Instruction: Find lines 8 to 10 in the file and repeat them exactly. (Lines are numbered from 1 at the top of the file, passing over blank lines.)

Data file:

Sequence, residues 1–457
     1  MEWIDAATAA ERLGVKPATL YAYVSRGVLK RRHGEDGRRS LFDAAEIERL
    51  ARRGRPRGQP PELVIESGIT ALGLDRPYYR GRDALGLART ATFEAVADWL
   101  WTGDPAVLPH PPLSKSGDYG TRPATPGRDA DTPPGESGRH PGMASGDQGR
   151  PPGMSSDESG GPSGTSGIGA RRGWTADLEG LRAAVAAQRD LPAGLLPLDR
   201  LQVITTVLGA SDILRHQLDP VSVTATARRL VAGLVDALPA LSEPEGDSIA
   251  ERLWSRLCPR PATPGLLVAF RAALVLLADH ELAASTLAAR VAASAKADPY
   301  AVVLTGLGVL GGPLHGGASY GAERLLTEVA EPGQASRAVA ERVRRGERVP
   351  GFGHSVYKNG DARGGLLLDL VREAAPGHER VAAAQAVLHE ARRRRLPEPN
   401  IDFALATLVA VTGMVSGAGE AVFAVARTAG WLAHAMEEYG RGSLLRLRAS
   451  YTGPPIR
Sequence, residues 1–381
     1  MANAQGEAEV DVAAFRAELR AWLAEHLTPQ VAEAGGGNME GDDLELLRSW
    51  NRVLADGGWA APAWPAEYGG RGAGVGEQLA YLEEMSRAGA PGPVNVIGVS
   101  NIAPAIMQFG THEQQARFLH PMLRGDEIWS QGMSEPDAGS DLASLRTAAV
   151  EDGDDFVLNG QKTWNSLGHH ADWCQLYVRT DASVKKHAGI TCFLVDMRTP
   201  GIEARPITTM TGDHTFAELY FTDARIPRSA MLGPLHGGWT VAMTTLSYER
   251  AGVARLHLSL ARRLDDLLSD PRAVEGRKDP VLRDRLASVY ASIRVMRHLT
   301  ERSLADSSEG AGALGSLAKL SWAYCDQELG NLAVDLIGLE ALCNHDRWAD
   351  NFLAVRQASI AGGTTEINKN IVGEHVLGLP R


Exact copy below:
   301  AVVLTGLGVL GGPLHGGASY GAERLLTEVA EPGQASRAVA ERVRRGERVP
   351  GFGHSVYKNG DARGGLLLDL VREAAPGHER VAAAQAVLHE ARRRRLPEPN
   401  IDFALATLVA VTGMVSGAGE AVFAVARTAG WLAHAMEEYG RGSLLRLRAS